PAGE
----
Maine statutes regulate the landlord-tenant relationship, including when and how a landlord can evict a tenant. When evicting a tenant, the landlord must carefully follow all the rules and procedures set forth in the Maine statutes. This article will explain the basics of those rules and procedures for landlords and property managers.
To evict a tenant, a landlord must first terminate the tenant’s tenancy. The landlord can only terminate the tenancy if the landlord has legal cause to evict the tenant. Maine statutes define legal cause as the tenant failing to pay rent, damaging the rental unit, maintaining a nuisance, or committing domestic violence or sexual assault against another tenant. To evict the tenant for one of these reasons, the landlord must give the tenant a seven-day notice of termination of tenancy. In all cases except failure to pay rent, the landlord is not obligated to give the tenant any time to fix the bad behavior. At the end of the seven days, the landlord can go to court and file an eviction lawsuit against the tenant. However, in the case of failure to pay rent, the tenant will have seven days to pay rent in full. If the tenant does not pay rent in full, then the landlord can file an eviction lawsuit against the tenant (see Me. Rev. Stat. Ann. tit. 14 § 6002).
A landlord who does not have legal cause to evict a tenant but wants the tenant to move out of the rental unit, must wait until the tenancy has expired before expecting the tenant to move. In some instances, the landlord will still need to give the tenant written notice to move.
A landlord who wants to end a month-to-month tenancy, but does not have legal cause, can give the tenant a written 30-day notice of termination. This notice must inform the tenant that the landlord is terminating the tenancy and that the tenant must move out of the rental unit by the end of 30 days. If the tenant does not move out at the end of 30 days, the landlord can pursue an eviction lawsuit against the tenant (see Me. Rev. Stat. Ann. tit. 14 § 6002). Maine Notice Requirements to Terminate a Month-to-Month Tenancy has more information on this topic.
A landlord who wants a tenant with a fixed-term lease to move out of the rental unit must wait until the lease has expired before expecting the tenant to move. The landlord does not need to give the tenant written notice to move unless the terms of the lease specifically require the landlord to do so. If the tenant does not move out by the end of the lease term, then the landlord should stop accepting rent from the tenant and proceed with an eviction lawsuit against the tenant.
Even though a landlord must have valid legal cause to evict a tenant, the tenant could still choose to fight the eviction. The tenant could have a valid legal defense, such as the landlord failing to maintain the rental unit or discriminating against the tenant. The tenant’s decision to fight the eviction could lead to increased legal costs or allow the tenant more time to remain living in the rental unit. Tenant Defenses to Evictions in Maine has more information on this subject.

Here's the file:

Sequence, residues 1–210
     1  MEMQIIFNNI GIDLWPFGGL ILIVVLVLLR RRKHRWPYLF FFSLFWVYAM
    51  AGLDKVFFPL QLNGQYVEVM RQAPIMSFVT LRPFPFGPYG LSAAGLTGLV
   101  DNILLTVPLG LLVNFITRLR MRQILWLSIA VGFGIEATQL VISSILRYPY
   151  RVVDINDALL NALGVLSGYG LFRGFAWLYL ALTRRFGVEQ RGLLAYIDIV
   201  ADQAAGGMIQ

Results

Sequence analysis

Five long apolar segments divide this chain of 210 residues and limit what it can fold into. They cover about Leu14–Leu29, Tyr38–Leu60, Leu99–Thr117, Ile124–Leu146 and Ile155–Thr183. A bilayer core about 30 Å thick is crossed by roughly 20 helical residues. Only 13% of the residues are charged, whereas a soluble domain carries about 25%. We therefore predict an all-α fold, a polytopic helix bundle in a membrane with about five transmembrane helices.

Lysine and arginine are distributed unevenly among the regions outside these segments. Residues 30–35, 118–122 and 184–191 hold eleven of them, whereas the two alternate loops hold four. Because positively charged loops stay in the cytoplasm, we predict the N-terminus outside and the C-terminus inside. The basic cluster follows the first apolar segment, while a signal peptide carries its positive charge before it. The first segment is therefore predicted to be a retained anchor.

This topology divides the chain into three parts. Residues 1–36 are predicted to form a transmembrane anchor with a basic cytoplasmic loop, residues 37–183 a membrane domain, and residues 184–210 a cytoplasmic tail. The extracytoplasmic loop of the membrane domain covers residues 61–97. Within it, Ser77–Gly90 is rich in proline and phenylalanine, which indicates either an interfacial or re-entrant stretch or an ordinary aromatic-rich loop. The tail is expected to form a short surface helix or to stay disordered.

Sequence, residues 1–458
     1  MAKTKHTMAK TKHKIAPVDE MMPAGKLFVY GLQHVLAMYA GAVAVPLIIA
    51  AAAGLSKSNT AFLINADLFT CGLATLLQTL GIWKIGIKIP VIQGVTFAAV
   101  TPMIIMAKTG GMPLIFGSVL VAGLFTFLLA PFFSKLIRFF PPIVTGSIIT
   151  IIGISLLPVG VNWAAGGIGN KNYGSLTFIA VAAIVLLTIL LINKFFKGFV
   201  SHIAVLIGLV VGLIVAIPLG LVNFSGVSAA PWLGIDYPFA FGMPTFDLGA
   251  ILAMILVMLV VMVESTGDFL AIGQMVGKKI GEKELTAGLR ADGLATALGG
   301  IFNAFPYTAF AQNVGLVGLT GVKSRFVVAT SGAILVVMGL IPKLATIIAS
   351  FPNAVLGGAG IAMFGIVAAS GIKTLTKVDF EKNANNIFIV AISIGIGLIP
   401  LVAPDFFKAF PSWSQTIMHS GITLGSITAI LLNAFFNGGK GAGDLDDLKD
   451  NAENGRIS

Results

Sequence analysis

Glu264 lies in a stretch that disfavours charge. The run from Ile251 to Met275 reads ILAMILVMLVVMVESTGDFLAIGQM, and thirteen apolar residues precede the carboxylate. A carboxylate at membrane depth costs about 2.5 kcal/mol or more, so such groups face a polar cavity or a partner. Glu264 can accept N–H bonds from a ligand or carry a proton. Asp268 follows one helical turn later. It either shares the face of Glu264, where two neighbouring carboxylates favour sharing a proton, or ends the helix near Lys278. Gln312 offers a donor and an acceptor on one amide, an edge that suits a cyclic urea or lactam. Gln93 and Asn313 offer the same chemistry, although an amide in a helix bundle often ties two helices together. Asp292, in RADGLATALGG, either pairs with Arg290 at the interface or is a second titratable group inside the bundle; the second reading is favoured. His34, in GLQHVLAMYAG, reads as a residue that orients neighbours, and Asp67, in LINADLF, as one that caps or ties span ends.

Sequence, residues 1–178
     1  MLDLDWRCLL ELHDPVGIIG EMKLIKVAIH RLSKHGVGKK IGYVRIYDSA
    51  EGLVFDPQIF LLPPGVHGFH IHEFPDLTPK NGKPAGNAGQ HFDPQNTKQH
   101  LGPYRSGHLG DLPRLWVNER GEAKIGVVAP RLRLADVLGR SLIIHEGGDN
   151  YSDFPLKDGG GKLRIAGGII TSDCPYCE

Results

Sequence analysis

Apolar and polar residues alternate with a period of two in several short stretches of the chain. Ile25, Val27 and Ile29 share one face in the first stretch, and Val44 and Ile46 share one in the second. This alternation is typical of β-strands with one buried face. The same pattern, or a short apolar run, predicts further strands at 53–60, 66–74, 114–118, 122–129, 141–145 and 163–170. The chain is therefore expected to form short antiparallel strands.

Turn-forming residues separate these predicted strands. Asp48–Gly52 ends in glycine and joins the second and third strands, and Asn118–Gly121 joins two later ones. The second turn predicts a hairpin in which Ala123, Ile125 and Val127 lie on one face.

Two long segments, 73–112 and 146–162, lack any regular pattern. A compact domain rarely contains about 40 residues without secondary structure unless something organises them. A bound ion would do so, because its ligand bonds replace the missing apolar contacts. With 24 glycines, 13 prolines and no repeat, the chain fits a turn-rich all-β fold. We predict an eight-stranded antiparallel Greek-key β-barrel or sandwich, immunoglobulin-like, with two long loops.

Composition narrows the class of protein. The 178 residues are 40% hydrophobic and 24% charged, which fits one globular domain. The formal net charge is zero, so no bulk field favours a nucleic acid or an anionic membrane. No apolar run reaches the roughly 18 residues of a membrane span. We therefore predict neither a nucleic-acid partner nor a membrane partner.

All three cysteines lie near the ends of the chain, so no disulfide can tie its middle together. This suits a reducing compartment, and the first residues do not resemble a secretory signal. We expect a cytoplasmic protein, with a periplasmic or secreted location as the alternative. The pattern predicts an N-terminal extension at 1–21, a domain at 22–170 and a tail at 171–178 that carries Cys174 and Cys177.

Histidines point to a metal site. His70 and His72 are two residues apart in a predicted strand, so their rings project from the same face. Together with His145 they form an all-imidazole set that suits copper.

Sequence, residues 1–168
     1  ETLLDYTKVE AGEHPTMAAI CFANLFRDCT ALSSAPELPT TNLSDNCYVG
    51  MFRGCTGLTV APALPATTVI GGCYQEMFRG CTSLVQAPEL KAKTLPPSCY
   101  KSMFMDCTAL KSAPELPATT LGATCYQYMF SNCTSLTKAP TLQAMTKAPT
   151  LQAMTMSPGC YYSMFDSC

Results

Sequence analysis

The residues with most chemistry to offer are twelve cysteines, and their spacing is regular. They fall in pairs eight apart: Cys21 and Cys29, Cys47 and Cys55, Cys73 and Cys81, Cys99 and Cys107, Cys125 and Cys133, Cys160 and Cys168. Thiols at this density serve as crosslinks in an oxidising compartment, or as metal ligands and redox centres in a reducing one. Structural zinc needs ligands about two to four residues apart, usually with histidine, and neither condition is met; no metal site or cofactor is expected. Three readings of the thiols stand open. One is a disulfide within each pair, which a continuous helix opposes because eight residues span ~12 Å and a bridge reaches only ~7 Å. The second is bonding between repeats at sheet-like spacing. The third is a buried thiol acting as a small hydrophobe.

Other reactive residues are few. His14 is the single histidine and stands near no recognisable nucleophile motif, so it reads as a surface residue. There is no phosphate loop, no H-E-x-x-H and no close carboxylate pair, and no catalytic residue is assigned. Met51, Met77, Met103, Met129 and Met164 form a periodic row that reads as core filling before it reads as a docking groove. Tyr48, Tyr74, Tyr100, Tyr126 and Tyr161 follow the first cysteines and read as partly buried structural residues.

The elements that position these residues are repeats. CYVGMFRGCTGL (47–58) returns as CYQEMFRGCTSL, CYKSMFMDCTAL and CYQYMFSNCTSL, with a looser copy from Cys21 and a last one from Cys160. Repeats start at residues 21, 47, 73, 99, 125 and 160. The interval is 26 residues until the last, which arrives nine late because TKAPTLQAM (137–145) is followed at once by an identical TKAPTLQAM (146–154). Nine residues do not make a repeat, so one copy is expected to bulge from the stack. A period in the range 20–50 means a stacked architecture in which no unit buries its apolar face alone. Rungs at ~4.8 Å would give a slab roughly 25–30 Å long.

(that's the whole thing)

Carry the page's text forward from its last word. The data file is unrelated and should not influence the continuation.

A landlord must never try to force a tenant to move out of a rental unit. The only way the landlord can remove the tenant is by winning an eviction lawsuit against the tenant in court. Even then, a law enforcement officer, not the landlord, will be the one who actually evicts the tenant. It is illegal for the landlord to pursue any action other than an eviction lawsuit to remove the tenant from the rental unit. Illegal Eviction Procedures in Maine has more information on this topic.
If the tenant leaves behind personal property after being evicted, the landlord must store that property in a safe, secure location. Then, the landlord must send the tenant written notice stating that the tenant has seven days to claim the property. If the tenant responds to the notice, then the landlord must hold onto the property for an additional seven days (making 14 days of storage in total) and allow the tenant reasonable access to the property to claim it. If the tenant either does not claim the property by the end of 14 days or never responds to the written notice, then the landlord can either sell the property (if it has value) or dispose of it (if it has no value) (see Me. Rev. Stat. Ann. tit. 14 § 6013).
Landlords must carefully follow all the rules and procedures required by Maine law when evicting a tenant; otherwise, the eviction may not be valid. Although these rules and procedures may seem burdensome to the landlord, they are there for a reason. Evictions often occur very quickly, and the end result is serious: the tenant has lost a place to live. The rules help ensure the eviction is justified and that the tenant has enough time to find a new home.